O’s Need Protection From West Ham’s Stratford Move
Sunday’s trip to Leyton Orient brings back great memories for this particular Gooner. When I was a student it wasn’t easy to afford Premier League prices so a group of us – supporters of teams as diverse as Arsenal, Wolves & Aberdeen – used to travel up the Central Line, as many other Gooners did when Arsenal were playing away from home, to get our Football fix at Leyton Orient.
Whilst there has only ever been one team for me, I still get a bit misty eyed when I think about Leyton Orient’s 2001 playoff challenge. After a dizzy semi-final which saw a Matt Lockwood thunder bolt despatch Hull City, we travelled to Cardiff only to be disappointed by Blackpool who would take their first step on a road that led them all the way to the big time.
Those afternoons in Leyton taught me a lot about Football fans. As a Gooner I’ve been relatively spoilt. When a club has success, it encourages fans from all over to make the pilgrimage to watch that club, to be part of something special. As a result, the top sides in the country have little trouble filling up their vast stadiums, even in these straitened times. For smaller clubs, it’s not so easy to fill the terraces.
It’s for this reason that West Ham’s proposed move to the Olympic Stadium, just a hop, skip and jump from Orient’s current home, has me slightly concerned. As the game grows inexorably the smaller clubs risk losing their battle for market share with more powerful neighbours. Particularly in areas like London which has no shortage of variety when it comes to choosing a Football club.
The O’s have an average attendance this season of 4,498. They rely on local fans and people, like I used to be, that go there because they love Football. They hope to attract the casual fan market and keep the turnstiles ticking over with concessions for kids who can’t afford the bigger clubs that are only a tube ride away.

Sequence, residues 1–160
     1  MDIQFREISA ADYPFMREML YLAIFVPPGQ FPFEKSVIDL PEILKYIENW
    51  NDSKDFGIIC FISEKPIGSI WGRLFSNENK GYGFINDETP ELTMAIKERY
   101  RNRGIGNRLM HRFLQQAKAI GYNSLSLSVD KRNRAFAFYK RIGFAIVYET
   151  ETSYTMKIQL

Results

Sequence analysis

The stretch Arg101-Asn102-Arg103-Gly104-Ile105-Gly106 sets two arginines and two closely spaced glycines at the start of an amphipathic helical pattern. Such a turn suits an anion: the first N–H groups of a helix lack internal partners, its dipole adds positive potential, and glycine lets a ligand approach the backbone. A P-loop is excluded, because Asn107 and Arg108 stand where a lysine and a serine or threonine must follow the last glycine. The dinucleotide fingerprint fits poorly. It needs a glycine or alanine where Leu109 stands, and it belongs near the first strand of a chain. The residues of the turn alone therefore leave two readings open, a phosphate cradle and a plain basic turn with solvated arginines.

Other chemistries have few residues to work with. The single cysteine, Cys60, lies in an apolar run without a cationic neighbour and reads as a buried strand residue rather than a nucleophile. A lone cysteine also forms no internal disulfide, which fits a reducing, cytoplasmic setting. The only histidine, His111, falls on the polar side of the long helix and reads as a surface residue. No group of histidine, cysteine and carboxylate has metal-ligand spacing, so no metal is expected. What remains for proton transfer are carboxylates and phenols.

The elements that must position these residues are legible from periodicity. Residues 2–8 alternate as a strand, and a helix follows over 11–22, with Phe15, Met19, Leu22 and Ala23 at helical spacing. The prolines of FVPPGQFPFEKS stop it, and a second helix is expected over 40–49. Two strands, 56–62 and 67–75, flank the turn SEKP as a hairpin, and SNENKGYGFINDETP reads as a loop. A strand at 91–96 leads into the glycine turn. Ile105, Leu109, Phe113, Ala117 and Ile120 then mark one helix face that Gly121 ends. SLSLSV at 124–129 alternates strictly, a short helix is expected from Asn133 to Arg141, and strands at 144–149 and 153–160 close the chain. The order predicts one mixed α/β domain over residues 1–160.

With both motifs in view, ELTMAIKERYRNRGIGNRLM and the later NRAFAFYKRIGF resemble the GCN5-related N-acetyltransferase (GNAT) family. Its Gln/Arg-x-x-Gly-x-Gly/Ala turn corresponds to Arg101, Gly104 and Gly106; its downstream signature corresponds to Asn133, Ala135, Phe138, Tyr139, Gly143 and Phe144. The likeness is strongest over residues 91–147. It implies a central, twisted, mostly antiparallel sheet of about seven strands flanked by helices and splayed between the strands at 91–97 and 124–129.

When West Ham move to Stratford, if they make good on their promise to provide cheap tickets to locals and community groups, this will arguably tap into the pool of kids that would otherwise have been tempted by Orient. Is a kid offered the chance of his first Football match going to favour Brisbane Road for an all important League 1 fixture with Plymouth or will he favour Premier League Football in the Olympic Stadium? It’s not likely to be a tough choice for most.
Maybe Orient, including Barry Hearn who intends to seek Judicial Review into the stadium decision, are making too much of this. Put it this way, when I was a penniless student I was still an Arsenal fan. If you’d offered me a cheap ticket at West Ham or the equivalent at Orient, I would never have gone to Upton Park. Going to watch a side who are closer to being a rival is not the done thing. I would assume the same of die hard Tottenham fans who also watch Orient. Orient will therefore hopefully maintain this casual market.
The biggest threat is to the future supply of real Orient supporters. Football is often passed down through families but I still know many where a son doesn’t support his Dad’s team, opting for a more glamorous option or to go with school mates allegiances. The Premier League carries a rule which reads;
“We will not grant consent for a Premier League club to move grounds if it would adversely affect clubs or Football League clubs having their registered grounds in the immediate vicinity of the proposed location.”
We must hope that the relevant authorities seriously look into this and if not review their decision, look long and hard at the implications of this move and think seriously about how this will effect one of London’s oldest, and best loved clubs.